Tag Archives: Justin Torres

In the news

New releases: Maria Duenas’s The Time in Between comes out Tuesday. The suspense novel has received great reviews, including a blurb from Nobel Prize winner Mario Vargas Llosa.  News for all the People: The Epic Story of Race and the American Media, by Juan Gonzalez and Joseph Torres, came out last month.

 • Book festivals: The Miami Book Fair International begins Nov. 13 and runs through Nov. 20, with the street fair running from Nov. 18-20. One session includes Francisco Goldman, Elizabeth Nunez, Esmeralda Santiago and Héctor Tobar – all in one room! Other writers include Ricardo Cravo Albin, Jose Alvarez, Sandra Rodriguez Barron, Jorge Casteñada, Maria Duenas, Christina Diaz Gonzalez, Martha Medeiros, Ana Menendez, Javier Sierra, Justin Torres, Ian Vasquez and Luis Alberto Urrea. Awesome.

Sandra Cisneros announced this week that she plans to leave San Antonio to concentrate more on writing, according to this San Antonio Express-News article. She has put her home up for sale, and she is considering moving to New Mexico. The fate of the Macondo Foundation for writers remains unclear since Cisneros said she had difficulty balancing her writing with her charity.

 Writing contests: Pulitzer Prize winner Junot Diaz will judge stories (no longer than 1,000 words) based on their narrative voice for the Figment writing website. Deadline is Nov. 30. For details, click here.

Feb. 1 is the deadline to submit noir fiction for the Valley Artistic Outreach’s “Border Noir: Hard-Boiled Fiction from the Southwest,” an anthology of short stories to be edited by Machete co-screenwriter Alvaro Rodriguez. The book will come out in May. Stories can be sent to noir@valartout.org. For more information, click here.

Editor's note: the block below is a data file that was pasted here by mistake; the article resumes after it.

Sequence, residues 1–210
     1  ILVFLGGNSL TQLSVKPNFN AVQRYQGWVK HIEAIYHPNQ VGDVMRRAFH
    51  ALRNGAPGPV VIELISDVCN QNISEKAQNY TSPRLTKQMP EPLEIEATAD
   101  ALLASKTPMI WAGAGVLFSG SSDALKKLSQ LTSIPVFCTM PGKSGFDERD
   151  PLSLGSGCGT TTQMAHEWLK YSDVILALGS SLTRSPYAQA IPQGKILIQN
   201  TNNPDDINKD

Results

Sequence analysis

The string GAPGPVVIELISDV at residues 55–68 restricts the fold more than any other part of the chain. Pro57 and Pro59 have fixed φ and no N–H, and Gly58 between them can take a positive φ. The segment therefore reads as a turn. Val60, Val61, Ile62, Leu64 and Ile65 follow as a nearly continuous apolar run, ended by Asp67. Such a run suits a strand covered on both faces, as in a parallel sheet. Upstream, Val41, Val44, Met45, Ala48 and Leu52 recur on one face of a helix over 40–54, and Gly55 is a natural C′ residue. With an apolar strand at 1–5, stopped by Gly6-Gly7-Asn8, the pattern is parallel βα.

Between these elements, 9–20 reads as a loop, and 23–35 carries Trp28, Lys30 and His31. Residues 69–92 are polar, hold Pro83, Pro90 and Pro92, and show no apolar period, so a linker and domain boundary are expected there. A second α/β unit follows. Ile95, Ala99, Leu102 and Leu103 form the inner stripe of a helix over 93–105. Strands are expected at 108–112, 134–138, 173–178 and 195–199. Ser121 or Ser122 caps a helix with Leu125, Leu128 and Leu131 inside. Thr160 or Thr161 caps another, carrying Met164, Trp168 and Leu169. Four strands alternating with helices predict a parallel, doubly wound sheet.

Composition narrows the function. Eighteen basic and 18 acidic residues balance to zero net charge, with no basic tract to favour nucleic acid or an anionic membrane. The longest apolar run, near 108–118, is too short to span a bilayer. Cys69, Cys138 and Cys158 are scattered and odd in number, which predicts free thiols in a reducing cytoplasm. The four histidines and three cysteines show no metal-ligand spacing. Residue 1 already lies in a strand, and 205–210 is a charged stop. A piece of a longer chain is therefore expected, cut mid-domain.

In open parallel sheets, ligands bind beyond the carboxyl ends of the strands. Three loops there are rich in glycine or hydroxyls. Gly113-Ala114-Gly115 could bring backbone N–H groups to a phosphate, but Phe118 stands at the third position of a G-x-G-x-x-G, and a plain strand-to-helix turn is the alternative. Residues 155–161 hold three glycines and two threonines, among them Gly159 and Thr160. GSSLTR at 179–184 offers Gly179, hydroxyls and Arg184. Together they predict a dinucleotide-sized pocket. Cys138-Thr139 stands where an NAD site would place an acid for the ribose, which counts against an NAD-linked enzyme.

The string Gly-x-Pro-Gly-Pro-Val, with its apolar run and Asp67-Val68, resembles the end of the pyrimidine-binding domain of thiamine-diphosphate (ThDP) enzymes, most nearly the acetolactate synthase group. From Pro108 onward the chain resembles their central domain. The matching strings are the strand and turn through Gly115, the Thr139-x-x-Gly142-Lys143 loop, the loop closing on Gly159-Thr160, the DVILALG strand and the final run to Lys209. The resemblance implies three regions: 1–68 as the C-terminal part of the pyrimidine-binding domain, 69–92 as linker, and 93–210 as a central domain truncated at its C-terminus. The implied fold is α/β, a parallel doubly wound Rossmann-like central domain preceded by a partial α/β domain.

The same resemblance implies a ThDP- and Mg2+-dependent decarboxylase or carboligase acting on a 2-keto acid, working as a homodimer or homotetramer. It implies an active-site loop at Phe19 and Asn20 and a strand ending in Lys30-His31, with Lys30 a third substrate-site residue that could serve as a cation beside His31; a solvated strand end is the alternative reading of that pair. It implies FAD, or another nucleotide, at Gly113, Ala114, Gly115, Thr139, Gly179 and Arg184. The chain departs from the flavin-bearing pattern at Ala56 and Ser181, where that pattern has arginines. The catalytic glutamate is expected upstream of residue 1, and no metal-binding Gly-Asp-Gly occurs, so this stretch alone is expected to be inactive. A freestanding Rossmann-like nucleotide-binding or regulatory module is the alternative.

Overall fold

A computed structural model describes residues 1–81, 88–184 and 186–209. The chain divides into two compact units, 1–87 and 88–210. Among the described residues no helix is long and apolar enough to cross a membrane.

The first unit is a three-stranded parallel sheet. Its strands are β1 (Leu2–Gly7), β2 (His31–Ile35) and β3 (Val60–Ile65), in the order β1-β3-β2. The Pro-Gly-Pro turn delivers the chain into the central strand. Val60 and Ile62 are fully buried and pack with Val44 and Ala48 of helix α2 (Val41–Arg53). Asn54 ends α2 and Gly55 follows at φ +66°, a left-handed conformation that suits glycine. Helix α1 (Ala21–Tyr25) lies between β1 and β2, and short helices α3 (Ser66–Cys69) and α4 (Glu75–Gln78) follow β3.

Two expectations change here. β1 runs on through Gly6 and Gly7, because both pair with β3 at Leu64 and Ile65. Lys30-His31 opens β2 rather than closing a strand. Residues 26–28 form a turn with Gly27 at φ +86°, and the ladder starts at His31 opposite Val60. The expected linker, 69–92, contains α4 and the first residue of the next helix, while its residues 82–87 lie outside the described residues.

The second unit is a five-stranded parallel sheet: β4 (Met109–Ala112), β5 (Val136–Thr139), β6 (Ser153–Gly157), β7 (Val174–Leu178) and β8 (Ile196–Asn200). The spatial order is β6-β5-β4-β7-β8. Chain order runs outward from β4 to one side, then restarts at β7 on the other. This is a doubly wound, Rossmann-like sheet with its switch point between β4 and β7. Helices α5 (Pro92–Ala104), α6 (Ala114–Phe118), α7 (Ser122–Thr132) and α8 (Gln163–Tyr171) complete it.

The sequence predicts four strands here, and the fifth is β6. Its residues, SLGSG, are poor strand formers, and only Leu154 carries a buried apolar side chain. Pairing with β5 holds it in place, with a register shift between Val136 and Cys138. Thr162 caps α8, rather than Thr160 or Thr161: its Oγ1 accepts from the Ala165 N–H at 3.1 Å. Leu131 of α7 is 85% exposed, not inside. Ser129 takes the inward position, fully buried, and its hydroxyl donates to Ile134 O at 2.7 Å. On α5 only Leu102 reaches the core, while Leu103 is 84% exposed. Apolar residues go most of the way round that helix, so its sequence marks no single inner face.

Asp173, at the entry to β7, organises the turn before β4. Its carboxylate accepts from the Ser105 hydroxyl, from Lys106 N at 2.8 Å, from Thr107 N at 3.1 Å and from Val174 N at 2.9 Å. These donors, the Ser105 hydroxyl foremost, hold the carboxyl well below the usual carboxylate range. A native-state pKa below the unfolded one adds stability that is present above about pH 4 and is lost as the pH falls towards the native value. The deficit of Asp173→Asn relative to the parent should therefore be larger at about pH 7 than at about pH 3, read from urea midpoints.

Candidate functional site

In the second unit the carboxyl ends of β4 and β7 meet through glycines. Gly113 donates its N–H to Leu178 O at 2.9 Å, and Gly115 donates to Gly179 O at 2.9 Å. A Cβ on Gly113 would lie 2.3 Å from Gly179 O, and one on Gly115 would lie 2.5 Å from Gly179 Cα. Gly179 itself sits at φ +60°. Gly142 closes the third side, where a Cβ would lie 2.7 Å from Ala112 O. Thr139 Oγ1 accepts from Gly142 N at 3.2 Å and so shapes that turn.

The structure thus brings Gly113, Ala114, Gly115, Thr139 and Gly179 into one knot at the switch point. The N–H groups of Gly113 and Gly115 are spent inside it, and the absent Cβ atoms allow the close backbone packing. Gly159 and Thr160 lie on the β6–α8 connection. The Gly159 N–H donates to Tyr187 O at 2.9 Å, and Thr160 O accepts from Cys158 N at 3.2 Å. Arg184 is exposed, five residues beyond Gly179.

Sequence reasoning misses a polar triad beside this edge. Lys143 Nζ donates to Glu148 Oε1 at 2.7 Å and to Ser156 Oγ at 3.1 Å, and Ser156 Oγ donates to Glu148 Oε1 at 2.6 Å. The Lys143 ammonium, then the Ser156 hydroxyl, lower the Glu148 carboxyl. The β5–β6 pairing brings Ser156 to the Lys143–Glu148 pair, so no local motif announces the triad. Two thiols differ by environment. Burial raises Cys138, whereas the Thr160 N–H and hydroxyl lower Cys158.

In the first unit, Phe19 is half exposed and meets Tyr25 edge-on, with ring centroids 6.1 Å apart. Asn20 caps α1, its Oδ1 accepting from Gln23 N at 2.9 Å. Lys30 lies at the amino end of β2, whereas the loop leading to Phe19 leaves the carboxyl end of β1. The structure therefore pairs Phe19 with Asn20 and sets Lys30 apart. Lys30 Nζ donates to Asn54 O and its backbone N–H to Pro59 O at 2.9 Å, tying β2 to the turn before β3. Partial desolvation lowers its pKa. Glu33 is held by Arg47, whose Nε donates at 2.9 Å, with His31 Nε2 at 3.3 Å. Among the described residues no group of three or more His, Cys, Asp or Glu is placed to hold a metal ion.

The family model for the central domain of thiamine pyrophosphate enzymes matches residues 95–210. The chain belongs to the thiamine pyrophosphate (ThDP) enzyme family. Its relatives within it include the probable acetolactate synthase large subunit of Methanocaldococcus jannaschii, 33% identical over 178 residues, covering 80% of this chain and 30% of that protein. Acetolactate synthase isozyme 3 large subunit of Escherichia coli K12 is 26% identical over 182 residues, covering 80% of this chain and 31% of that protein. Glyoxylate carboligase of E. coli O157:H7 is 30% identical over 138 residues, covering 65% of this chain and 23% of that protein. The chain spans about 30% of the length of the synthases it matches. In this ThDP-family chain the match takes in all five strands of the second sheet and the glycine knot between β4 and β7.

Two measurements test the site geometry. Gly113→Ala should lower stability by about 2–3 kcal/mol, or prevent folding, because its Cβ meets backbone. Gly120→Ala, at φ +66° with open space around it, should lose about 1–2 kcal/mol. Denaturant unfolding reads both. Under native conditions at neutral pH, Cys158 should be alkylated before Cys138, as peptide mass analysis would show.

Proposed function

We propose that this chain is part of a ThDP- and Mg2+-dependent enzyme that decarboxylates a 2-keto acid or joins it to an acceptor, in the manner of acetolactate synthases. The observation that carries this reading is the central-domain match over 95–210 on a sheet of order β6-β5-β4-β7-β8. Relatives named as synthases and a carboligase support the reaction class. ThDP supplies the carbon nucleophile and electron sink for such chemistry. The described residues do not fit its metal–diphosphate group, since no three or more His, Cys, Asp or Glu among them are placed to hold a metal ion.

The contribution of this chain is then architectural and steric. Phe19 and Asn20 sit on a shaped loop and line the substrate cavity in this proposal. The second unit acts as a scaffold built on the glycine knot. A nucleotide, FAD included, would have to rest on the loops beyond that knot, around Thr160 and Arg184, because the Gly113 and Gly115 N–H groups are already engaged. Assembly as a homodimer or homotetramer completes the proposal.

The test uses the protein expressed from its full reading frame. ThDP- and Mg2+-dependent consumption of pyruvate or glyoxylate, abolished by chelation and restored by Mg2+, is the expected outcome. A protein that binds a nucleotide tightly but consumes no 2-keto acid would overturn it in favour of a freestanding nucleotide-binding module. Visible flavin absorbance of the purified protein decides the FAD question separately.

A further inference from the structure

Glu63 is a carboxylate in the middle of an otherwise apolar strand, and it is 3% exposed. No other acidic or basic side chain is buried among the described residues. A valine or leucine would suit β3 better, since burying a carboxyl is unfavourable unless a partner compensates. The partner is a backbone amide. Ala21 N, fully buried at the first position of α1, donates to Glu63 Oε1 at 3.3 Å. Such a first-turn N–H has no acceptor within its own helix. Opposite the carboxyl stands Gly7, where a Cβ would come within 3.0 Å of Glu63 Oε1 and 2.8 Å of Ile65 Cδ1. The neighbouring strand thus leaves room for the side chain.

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In the news

• New on the bookshelves: Kami Garcia’s latest book, Beautiful Chaos, part of her Beautiful Creatures series written with Margaret Stohl, comes out Tuesday. Cain, a retelling of the Biblical story from the late, Nobel Prize-winning novelist José Saramago, was released earlier this month.

• The Texas Book Festival, which runs from Saturday-Sunday in Austin, will feature 250 authors, and it features some great programs with Latino authors:

Dagoberto Gilb (pictured at right) will discuss his latest book, Before the End, After the Beginning.

Mary Romero, author of the non-fiction The Maid’s Daughter: Living Inside and Outside the American Dream, and Héctor Tobar, author of The Barbarian Nurseries, will discuss Mexican women working as maids in the United States.